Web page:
It was the first time that Nils Chapman had seen prisoner 89 doing anything other than lying curled up in a fetal position. Today she was sitting, cross-legged in the center of the room. It was hot and muggy and he had to wipe the perspiration from his eyes in order to see her clearly. She was muttering something, but he had to listen for a minute to make out just what it was.
“…nine hundred seventy-four days. One thousand nine hundred seventy-four days. One thousand nine hundred seventy-four days.”
“Why are you counting the days?” he called to her through the small window in the armored door.
She locked eyes with him, but didn’t stop repeating her words.
“Are you hungry?” he asked.
She stopped. “Yes.”
“Alright. I’ll get you something.”
Chapman made his way down the stone corridor toward the south wing and the kitchen. He hadn’t quite reached it, when he ran into Karl Drury going the other direction. The other man wore his usual scowl and his shirt was soaked through with sweat. He didn’t need to ask what the other man wanted.
“Why don’t you leave her alone?” said Chapman.
“Why don’t you piss off?” Drury replied and shoved him into the wall.
Chapman immediately leaned back toward Drury.
“I’m not afraid of you,” he growled, which was in fact not true at all.
“You’d better be,” the other man hissed, producing a knife from somewhere. “I could gut you right now… or maybe I’ll do it tonight, while you’re asleep.”
“Tosser,” said Chapman, but he hurried away toward the kitchen.
Purposefully waiting a good half hour before returning to the north wing, Chapman unlocked the door after he was sure that his sadistic fellow guard had gone. Prisoner 89 was sprawled across the stone floor like a ragdoll. It was no surprise that she had been raped, but the guard was shocked at how badly she had been beaten. Apparently she was not nearly as acquiescent as she had been before. Her eyes were open, but they stared at the ceiling, unmoving.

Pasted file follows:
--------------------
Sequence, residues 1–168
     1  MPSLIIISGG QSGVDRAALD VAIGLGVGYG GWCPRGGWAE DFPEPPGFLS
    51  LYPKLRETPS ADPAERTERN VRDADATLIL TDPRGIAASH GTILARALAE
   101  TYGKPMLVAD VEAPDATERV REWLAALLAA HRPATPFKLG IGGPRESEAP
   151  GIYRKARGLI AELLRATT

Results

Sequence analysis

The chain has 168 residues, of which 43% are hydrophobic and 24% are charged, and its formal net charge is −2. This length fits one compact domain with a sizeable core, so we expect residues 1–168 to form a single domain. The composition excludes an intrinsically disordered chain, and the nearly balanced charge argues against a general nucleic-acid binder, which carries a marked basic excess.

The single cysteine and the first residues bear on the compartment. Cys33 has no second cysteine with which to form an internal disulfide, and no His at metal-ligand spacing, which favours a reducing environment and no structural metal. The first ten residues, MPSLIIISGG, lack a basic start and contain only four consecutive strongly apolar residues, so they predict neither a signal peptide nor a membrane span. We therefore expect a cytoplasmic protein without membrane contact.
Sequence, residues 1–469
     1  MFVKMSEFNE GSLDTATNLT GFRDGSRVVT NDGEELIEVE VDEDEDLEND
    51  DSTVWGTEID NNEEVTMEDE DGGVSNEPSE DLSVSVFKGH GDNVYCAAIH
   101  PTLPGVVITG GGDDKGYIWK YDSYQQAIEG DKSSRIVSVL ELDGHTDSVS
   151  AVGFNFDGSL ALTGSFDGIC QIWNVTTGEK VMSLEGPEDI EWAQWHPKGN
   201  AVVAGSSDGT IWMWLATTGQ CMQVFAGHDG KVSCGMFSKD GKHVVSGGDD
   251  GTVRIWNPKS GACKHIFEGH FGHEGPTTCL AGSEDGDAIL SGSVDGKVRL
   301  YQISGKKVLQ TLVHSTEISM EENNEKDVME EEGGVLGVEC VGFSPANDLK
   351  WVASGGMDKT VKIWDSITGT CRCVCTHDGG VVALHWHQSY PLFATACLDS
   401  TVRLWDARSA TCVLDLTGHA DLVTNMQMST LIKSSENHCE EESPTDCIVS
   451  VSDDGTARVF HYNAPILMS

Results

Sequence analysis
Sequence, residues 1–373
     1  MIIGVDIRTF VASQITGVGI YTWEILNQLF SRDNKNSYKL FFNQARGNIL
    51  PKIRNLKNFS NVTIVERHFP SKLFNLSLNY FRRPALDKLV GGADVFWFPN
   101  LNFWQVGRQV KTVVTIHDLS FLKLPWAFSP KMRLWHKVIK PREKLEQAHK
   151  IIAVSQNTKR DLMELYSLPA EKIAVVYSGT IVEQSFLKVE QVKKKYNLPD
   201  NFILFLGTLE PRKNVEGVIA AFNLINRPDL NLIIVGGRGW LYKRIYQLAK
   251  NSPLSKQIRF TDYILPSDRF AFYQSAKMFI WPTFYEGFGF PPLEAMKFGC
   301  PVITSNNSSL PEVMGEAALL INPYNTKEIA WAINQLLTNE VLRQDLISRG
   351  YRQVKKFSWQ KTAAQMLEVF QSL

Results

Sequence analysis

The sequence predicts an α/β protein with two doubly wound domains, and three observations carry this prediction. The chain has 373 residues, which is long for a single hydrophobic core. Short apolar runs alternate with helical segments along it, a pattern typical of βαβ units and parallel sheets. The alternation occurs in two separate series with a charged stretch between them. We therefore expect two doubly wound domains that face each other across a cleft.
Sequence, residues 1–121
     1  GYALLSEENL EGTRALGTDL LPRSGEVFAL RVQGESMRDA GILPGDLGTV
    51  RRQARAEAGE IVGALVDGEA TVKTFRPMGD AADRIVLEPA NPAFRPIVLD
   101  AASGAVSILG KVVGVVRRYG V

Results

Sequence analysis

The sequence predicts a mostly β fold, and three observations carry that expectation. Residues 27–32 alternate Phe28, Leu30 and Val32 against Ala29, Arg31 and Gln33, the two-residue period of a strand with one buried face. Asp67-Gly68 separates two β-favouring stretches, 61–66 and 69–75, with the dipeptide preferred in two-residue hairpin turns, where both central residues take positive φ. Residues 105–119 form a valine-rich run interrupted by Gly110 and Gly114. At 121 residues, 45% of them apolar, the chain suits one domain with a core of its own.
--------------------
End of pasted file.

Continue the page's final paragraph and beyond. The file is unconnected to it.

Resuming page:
“I brought you a Roger’s Pie.”
He sat the wooden bowl containing the bun filled with meat and turnips next to her. Her eyes rolled around in her head and then looked at him. She sat up and snatched the pie from the bowl, stuffing it into her mouth.
“Have to keep my strength up,” she muttered with her mouth full. “One thousand nine hundred seventy-four days.”
“Why are you counting?”
She finished the pie, but didn’t reply to his question.
“Is your name Zurfina?”
Suddenly her eyes came alive, full of fire, of danger, and of power.
“Zurfina the Magnificent,” she said.
“Can I get you something else?”
“Why?” she asked, the now dangerous grey eyes narrowing.
“Um, I don’t know.”
“Bring me a knife!” she hissed.
“I can’t do that,” he said. “Even if it wouldn’t get me sacked, you’d hurt yourself.”
He now saw that the woman had a series of slash marks up the length of both arms and on both thighs.
“You’re trying to kill yourself.”
“I promise I’m not going to kill myself,” she said.
Chapman turned to leave and stopped in his tracks. Covering the entire wall of the cell all around the door were strange symbols, black against the grey of the stone. Though they weren’t really letters and certainly weren’t from any language that he knew, there was something nevertheless familiar about them. They seemed to swirl and move unnaturally, as if the wall was made not of stone but of rubber or something similarly malleable, and it was being manipulated from behind, creating waves and bulges.
“Kafira,” he swore, and then he jumped as he heard the woman stir behind him. When he looked at her though, she was only getting to her feet, slowly.
“What is that?” he asked, afraid to look back at the wall and afraid to keep his back to it as well.
“That is Omris and Siris,” she replied cryptically. “That is Juton and Treffia. It is Worron and Tommulon.”
“I don’t know any of those words.”
She moved so close to him that her smell gagged him. She stank of years of sweat and urine and filth, and something else.
“That’s your blood!”
“Tell no one about this,” she ordered. “Tell no one. Tell no one.”
He stepped quickly away and slammed the door shut, locking it behind him. He ran down the corridor toward the south wing, and he didn’t look back. Still, he could hear her voice behind him.
“One thousand nine hundred seventy-four days. One thousand nine hundred seventy-four days.”